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Generative AI models like DALL-E 2 or Stable Diffusion store their knowledge in their parameters. Meta shows a model that can access an external database instead.

Current generative AI models like DALL-E 2 generate impressive images, but store their knowledge in the model parameters. Improvements require ever larger models and ever more training data.

Researchers are therefore working on several ways to teach models new concepts or provide direct access to external knowledge.

Ideas for such retrieval-augmented methods come from another field of generative AI models: natural language processing. OpenAI, Google, or Meta have already demonstrated WebGPT and other language models that can for example access the Internet to check their answers.


Google and Meta rely on queries for multimodal models

In October, Google researchers demonstrated Re-Imagen (Retrieval-Augmented Text-to-Image Generator), a generative model that uses an external multimodal knowledge base to generate images.

Re-Imagen uses the database to retrieve semantic and visual information about unknown or rare objects, and thus improves the accuracy of image generation.

Google Re-Imagen accesses an external database to generate higher-quality images of rare or unseen objects. | Image: Google

In a new paper, researchers from Meta, Stanford University, and the University of Washington now demonstrate the generative model RA-CM3 (Retrieval Augmented CM3), which also uses external data. CM3 stands for "Causal Masked Multimodal Model" and is a transformer model introduced by Meta in early 2022 that can generate images and text.

Meta's RA-CM3 relies on an external database, making it much smaller

Meta's RA-CM3 was trained using part of the LAION dataset, which was also used for Stable Diffusion. Unlike Re-Imagen, RA-CM3 can process text as well as images. Text prompts and images can serve as input.

The input is processed by a multimodal encoder and passed to a retriever, which retrieves relevant multimodal data from external memory, which is then also processed by a multimodal encoder.

A retriever queries information from external storage. | Image: Yasunaga et al.

Both data streams are then passed to the multimodal generator, which then generates text or images. RA-CM3 can use external image and text data to generate images that are more accurate or to generate image captions. The database also allows the model to retrieve images of a particular mountain, building, or monument and use it to generate an image containing the object.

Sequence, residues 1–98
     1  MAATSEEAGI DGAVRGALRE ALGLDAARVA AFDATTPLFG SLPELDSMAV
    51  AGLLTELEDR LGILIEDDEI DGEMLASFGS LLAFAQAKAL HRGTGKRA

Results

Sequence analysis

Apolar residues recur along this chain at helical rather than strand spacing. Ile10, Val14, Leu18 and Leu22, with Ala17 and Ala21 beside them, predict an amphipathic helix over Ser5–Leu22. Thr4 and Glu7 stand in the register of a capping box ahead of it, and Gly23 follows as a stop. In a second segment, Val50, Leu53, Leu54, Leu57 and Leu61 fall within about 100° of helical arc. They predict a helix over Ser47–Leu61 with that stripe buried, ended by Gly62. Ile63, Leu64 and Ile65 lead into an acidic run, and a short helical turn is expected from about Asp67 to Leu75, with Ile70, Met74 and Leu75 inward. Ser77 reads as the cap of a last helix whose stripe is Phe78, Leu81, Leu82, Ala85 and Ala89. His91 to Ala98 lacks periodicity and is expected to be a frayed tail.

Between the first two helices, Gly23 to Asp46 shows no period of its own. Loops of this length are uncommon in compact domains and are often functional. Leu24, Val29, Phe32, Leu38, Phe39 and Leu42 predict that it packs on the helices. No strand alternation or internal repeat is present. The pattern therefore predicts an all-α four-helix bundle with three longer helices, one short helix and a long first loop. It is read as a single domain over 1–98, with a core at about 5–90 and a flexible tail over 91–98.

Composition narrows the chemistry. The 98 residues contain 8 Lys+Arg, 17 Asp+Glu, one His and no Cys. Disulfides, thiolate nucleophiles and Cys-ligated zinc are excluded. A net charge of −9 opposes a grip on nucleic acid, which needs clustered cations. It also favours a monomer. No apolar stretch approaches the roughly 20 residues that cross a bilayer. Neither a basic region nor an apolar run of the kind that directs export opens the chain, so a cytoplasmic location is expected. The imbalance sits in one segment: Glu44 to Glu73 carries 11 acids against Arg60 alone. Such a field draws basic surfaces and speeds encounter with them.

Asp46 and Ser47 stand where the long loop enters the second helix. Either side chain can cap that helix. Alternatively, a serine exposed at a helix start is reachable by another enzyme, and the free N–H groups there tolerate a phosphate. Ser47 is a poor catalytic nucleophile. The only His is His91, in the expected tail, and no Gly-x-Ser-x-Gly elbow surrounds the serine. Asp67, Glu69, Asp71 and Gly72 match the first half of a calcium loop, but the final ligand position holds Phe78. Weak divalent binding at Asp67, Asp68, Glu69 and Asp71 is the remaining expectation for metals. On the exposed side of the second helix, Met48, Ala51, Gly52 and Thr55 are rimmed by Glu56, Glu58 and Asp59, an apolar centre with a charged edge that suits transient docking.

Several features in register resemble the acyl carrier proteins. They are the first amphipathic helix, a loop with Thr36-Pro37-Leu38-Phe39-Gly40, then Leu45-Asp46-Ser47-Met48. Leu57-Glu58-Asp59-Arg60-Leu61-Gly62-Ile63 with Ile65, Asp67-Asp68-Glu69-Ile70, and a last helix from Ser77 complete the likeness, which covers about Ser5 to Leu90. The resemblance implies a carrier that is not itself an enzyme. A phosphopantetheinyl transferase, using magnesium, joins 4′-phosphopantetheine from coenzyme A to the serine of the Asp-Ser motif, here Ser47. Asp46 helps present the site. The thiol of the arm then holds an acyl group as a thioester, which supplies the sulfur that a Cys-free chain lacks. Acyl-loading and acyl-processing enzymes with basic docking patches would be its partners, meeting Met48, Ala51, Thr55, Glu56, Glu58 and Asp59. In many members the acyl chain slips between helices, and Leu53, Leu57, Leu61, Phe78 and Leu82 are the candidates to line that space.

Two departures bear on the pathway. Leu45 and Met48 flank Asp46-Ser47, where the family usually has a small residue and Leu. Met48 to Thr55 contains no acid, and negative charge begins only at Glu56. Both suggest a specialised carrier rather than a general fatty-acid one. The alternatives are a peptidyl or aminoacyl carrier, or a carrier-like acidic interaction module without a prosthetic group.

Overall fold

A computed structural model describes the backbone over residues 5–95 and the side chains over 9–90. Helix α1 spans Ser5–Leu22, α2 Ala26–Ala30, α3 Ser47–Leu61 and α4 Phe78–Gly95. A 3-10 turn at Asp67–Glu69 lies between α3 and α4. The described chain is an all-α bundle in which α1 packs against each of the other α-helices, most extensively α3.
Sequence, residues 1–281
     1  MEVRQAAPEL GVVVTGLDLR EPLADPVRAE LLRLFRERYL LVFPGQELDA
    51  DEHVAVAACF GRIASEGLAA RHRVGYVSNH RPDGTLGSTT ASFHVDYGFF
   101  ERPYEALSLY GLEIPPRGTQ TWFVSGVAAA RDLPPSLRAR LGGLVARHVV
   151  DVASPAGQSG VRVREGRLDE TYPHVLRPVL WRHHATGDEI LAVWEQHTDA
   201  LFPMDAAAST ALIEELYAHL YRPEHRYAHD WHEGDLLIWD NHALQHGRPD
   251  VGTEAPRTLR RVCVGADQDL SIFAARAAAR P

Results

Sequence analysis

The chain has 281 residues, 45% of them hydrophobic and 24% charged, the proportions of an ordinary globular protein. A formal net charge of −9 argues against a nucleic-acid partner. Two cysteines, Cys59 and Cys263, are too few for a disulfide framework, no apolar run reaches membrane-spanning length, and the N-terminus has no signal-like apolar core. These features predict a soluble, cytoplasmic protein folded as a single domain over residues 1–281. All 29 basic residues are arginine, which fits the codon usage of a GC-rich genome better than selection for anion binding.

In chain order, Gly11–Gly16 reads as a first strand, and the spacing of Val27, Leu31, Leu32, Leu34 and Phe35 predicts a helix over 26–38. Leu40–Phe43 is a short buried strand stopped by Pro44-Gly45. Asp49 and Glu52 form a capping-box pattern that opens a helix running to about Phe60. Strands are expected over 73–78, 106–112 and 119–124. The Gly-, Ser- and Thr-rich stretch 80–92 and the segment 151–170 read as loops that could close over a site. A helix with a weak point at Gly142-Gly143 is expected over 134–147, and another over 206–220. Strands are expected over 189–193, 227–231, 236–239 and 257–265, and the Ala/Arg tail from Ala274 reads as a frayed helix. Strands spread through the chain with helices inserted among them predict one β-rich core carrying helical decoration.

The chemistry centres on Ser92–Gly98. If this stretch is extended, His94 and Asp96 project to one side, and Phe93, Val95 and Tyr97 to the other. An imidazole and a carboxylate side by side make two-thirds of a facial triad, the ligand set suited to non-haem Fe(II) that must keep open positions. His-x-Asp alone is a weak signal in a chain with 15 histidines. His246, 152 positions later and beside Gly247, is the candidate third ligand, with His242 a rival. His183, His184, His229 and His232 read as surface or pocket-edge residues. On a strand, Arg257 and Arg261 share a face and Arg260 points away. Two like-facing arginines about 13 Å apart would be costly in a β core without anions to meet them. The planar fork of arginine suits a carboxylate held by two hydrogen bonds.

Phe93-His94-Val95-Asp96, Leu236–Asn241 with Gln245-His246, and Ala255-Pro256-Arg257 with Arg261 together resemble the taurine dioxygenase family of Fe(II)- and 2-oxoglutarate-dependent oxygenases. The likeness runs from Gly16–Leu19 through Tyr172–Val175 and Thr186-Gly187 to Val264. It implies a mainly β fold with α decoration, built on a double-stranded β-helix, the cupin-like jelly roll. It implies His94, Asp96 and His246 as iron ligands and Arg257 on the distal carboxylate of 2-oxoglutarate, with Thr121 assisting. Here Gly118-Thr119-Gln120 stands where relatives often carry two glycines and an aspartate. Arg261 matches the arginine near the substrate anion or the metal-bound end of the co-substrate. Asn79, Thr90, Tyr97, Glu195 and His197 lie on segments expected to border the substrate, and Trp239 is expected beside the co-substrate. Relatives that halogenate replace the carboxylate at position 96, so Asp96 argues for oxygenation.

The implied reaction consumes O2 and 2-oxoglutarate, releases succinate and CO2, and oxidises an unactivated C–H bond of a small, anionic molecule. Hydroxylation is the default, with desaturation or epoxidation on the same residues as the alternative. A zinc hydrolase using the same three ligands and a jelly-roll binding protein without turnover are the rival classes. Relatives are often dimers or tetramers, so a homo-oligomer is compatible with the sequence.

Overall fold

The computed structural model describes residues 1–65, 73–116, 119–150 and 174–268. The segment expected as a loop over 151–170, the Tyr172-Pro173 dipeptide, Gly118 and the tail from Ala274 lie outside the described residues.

RA-CM3 can query external images and use them for better image synthesis. | Image: Yasunaga et al.

Using the external information, the model can also better complete images. RA-CM3 also exhibits one-shot and few-shot image classification abilities, the researchers write.

RA-CM3 can also use multiple external images as input for image synthesis. | Image: Yasunaga et al.

Overall, RA-CM3 uses significantly less training data and resources and is also much smaller than comparable models, the team writes. For the largest model, the researchers used 150 million images and three billion parameters. However, the average quality of the generated images is still below that of the much larger models from OpenAI or Google.

However, the effect of scaling is also evident in RA-CM3: The largest model is ahead of the smaller variants, and the team assumes that larger models will be significantly better.

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  • Generative text-to-image models like DALL-E 2 store their knowledge in the model parameters. This makes them large and their training resource intensive.
  • Retrieval augmented multimodal models could solve this problem and improve the accuracy of AI systems.
  • Meta researchers demonstrate RA-CM3, a multimodal model that can process and generate text and image as input. For this purpose, the system accesses an external database.
  • According to the team, this makes RA-CM3 significantly smaller than similar performing systems and allows it, for example, to synthesize images of monuments more faithfully and comprehensively.
Max is managing editor at THE DECODER. As a trained philosopher, he deals with consciousness, AI, and the question of whether machines can really think or just pretend to.
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